This numbered edition Acrylic Glass Print, designed by Alexey Kljatov, comes with a numbered and signed certificate of authenticity. Printed on archival-quality photo paper mounted on the back of a 1/8" thick, clear acrylic substrate, this artwork comes ready to hang on a wire attached to a wooden frame fixed on the back.
Real snowflake, sparkling against blue background. One day in December 2014 i was lucky to capture some really large fernlike dendrite snow crystals like this. I've tried slightly different shooting technique than my usual methods, and was satisfied by results: i collected snowflakes on plastic bag, then transferred good looking specimens on surface of DVD-R disk, using small paintbrush. Moving snowflakes with brush is easy task; but after that, i've used sharp wooden toothpick to raise crystal by it's edge and make it stand vertically, relying on other crystal. This trick was not so easy, but, surprisingly, is not mission impossible: within half of hour i've managed to get four crystals standing, and they not fall, when i captured short series of photos. This picture is the best of all four source sequences. It was made from averaged stack of 10 identical photos. Background behind snowflake is not sky: it is blue paper. Fernlike dendrites are really amazing snowflakes. If you ever seen the snow, then you probably seen them, too: this is common and very big snowflakes. Usually they are so big, that we can see all their details with naked eye, especially if we catch them on dark backdrop for better contrast. Many "traditional" snowflakes, which are painted by artists and modelled by 3D designers, remind fernlike dendrites or similar type, stellar dendrites. We can describe fernlike dendrites as stellar dendrites, only with more complex and "chaotic" structure: usually they have more side branches and "icy leaves", and these details in not strictly symmetrical on different arms, and even on opposite sides of same arm. Usually these crystals have very small center, but long, large and massive arms, and these crystals are very fragile. Often we can see these snowflakes with broken arms, or even single arms, fallen from the sky: it seems that this is results of collisions in the air.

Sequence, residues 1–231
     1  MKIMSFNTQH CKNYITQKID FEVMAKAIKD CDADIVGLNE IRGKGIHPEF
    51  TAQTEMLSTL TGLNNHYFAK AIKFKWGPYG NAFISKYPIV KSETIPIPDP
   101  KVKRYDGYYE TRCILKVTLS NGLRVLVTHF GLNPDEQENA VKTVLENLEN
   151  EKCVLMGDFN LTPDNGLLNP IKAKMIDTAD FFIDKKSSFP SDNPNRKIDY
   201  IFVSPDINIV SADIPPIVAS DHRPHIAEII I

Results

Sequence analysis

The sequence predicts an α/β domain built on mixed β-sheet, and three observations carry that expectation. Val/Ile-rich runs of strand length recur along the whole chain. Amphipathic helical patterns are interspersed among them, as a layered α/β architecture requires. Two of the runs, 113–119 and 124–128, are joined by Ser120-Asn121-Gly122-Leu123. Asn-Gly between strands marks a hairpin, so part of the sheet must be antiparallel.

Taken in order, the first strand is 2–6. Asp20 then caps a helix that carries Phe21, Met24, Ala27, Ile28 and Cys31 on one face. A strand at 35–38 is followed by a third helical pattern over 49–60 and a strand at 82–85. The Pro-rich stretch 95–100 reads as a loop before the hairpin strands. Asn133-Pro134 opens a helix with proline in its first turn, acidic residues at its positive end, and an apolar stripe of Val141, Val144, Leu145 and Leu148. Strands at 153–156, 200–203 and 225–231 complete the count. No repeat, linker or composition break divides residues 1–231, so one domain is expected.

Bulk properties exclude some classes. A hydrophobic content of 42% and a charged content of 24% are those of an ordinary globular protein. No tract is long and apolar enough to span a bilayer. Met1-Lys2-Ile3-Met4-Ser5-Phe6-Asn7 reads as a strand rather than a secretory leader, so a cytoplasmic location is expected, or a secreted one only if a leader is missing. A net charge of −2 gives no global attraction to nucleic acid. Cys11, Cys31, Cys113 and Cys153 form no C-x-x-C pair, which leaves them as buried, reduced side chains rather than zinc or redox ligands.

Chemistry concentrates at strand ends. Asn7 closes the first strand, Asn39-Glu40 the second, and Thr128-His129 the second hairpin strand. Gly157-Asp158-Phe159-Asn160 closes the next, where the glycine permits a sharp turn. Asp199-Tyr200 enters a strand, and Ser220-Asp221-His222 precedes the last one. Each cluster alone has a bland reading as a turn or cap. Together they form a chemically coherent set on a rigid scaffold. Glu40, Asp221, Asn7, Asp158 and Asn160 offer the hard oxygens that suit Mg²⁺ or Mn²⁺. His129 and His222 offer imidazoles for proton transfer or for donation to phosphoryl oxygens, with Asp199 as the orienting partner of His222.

Moscow, Russian Federation